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JordanScott90

New Member
Mar 4, 2021
12
Winnipeg
Hello all

I am in the process of potentially swapping out my larger onyx with the pearl 3600 by rsf-icc. It mainly will come down to IF the heat dump will work or not. It would be ducted to the basement directly below for supplemental heating. If it doesn't work I will simply leave my current fireplace and just do a updated makeover. Now my onyx is around the vicinity of 41-1/2 inches wide and upon remembering the install of the unit, there was some room left on both sides, about 4-5 inches roughly. Now the pearl 3600 itself is 34-5/8's inches wide and is much smaller than the onyx giving more room on both sides. I added an image from when my current fireplace was installed for a visual idea. I am hoping someone here knows this type of stuff well, and could give me some insight if there is any way to make this work with very tight clearance space as my basement gets very cold, so this system would help me out greatly.

Thank you so much!

001.JPG
 
Last edited:

mcdougy

Minister of Fire
Apr 15, 2014
676
ontario
Is the current fireplace in a brick opening or a wood framed opening? It's kinda hard to tell from the pic you will need some "head" room as well as side room in my opinion. The folks at rsf should be able to help you with size requirements.
 

JordanScott90

New Member
Mar 4, 2021
12
Winnipeg
Hi thank you for you reply. It is not brick but wood framed with some sort of dry board finished all around. Problem is they won't know for sure until the stone is taken down and they can see in, and that's of course if i had bought the unit.
 

begreen

Mooderator
Staff member
Nov 18, 2005
89,794
South Puget Sound, WA
Didn't the Onyx have a central heating ductable option? That seems like it would be a less disruptive and much lower cost. What is area is adjacent to the sides of the framing for the Onyx? Is this interior or exterior framing?
 

JordanScott90

New Member
Mar 4, 2021
12
Winnipeg
The chase is exterior to the house and the face of the fireplace is flush with the living room interior wall. There is a central heating option but due to the placement of the fireplace it would not work for us. The last ditch effort would be the heat dump installed with the pearl. I attached 3 more pictures that might give more of an idea as to the space I am working with.

20211012_184505.jpg 20211012_184331.jpg 20211012_184253.jpg
 

begreen

Mooderator
Staff member
Nov 18, 2005
89,794
South Puget Sound, WA
Yes, that's very helpful. The nearby window reduces the option for expansion on that side.

Question: Even if the Onyx was replaced how would the hot air duct from the fireplace get into the basement when the fireplace is cantilevered outside of the foundation wall? Were the joists extended an addition 2'+ under the chase?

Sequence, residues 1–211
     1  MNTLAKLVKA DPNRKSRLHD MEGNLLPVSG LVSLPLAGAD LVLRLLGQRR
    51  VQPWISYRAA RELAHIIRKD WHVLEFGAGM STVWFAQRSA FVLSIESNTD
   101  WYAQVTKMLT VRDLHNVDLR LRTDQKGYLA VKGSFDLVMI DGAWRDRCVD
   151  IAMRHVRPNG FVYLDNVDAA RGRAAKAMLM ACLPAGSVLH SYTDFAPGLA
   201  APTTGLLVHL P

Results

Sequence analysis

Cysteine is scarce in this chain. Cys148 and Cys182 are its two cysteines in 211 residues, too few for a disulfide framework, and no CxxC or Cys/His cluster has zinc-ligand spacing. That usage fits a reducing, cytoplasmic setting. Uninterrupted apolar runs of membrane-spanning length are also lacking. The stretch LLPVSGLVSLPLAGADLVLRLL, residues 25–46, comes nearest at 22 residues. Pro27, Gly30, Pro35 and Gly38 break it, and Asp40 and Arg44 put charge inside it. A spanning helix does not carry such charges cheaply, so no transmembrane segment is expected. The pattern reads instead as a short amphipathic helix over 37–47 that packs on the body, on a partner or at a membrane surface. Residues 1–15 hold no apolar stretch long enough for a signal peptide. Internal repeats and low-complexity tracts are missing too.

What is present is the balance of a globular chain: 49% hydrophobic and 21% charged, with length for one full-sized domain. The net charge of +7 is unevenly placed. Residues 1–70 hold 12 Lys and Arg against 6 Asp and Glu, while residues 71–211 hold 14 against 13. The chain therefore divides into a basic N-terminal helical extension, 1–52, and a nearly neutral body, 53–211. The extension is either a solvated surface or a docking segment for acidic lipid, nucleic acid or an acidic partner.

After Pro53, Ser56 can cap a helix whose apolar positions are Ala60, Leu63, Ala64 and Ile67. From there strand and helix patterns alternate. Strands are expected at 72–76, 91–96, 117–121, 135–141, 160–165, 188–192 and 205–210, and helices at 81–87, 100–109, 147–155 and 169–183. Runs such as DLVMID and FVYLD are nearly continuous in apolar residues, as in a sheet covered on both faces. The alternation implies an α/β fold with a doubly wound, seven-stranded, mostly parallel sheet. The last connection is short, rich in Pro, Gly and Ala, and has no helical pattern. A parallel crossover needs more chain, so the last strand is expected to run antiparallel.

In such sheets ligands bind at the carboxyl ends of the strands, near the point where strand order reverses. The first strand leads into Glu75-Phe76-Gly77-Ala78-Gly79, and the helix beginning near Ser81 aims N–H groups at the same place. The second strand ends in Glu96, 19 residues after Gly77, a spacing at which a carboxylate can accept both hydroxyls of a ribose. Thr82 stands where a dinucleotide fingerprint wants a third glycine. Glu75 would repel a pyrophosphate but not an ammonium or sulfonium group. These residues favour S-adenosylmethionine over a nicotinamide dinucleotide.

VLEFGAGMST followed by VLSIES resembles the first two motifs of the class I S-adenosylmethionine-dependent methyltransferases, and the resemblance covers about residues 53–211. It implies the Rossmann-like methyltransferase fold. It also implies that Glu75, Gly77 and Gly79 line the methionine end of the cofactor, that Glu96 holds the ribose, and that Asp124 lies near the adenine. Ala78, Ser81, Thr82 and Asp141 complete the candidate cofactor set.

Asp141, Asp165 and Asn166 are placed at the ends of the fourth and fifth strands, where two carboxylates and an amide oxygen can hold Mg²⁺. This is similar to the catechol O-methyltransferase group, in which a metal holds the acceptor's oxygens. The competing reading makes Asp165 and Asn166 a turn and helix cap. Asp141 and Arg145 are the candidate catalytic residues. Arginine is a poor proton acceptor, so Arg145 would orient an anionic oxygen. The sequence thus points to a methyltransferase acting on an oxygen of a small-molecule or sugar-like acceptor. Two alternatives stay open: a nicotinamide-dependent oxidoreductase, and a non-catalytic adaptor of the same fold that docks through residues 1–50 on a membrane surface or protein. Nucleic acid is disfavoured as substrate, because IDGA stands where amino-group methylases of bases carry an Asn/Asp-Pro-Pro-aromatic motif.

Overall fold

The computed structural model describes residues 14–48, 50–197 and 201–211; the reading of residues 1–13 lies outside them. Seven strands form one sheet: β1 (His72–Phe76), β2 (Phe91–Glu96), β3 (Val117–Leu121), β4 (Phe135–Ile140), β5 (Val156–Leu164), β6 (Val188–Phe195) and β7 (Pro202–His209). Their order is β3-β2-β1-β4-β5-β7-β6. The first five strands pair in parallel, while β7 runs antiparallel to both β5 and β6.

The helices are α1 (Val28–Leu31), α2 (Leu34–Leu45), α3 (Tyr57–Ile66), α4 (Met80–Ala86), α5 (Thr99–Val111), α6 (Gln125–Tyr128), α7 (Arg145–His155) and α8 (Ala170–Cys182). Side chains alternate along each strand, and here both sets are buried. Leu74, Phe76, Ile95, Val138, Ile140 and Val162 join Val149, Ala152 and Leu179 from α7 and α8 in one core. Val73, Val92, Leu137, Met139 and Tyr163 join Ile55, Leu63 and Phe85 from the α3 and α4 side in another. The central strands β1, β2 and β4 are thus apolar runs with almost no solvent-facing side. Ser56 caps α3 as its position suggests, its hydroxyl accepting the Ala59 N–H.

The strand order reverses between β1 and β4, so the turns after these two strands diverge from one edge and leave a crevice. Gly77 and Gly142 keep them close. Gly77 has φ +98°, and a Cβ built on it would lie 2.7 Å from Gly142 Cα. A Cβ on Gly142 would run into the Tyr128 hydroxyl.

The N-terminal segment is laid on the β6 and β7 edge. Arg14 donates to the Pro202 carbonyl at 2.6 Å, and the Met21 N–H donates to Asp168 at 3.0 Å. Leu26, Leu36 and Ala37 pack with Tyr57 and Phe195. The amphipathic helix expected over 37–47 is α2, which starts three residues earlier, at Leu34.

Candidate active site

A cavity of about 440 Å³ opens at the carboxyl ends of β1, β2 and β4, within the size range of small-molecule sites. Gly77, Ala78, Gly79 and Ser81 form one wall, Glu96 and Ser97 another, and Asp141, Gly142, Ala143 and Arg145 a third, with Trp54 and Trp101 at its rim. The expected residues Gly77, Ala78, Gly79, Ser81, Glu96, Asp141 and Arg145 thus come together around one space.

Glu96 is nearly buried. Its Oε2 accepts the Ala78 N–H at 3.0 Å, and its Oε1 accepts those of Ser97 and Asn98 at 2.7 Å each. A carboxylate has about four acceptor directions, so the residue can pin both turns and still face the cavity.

JordanScott90

New Member
Mar 4, 2021
12
Winnipeg
You have a good point there, I thought the joists had extended a bit under the chase just enough so that maybe they could angle it some how. But upon further investigation I did today, the fireplace does seem to sit too far from the basement ceiling. I just assumed maybe they could angle it through some how and it would just fit. The unit heats the upper two levels great, but the basement gets freezing in the winter.
 

begreen

Mooderator
Staff member
Nov 18, 2005
89,794
South Puget Sound, WA
It sounds like there will need to be an independent heating source down there. Are the walls fully insulated?
 
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JordanScott90

New Member
Mar 4, 2021
12
Winnipeg
They are insulated, but regardless when the temps drop well below zero it loses warmth fast, and having a cement floor probably doesn't help either. I do have a furnace, but that only turns on at night for a short period of time once the fireplace dies down, or if we aren't burning at all.

But thank you for your insight on this, I may still downgrade to the pearl since the onyx is much too big for my house. It's an amazing fireplace, but extremely difficult to burn low on mild days.
 

begreen

Mooderator
Staff member
Nov 18, 2005
89,794
South Puget Sound, WA
Have you looked into zoning the furnace with heating for the basement on it's own duct work and thermostat?
 
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JordanScott90

New Member
Mar 4, 2021
12
Winnipeg
There are two vents that vent directly into the basement, but are closed off to allow more heat into the upper levels when the fireplace isn't being used. I could open them again, but heating that area is harder than the upper levels because the space really doesn't hold heat well at all. But I'm sure I will figure something out, I will investigate your idea as well, Thanks!
 

begreen

Mooderator
Staff member
Nov 18, 2005
89,794
South Puget Sound, WA
To zone it off it would take a new, larger duct or at least a large grille on the main trunk duct that is motorized and on a thermostat. When it calls for heat the large basement grille opens up and dumps the heat into the basement. The grille closes once the call for heat has been satisfied.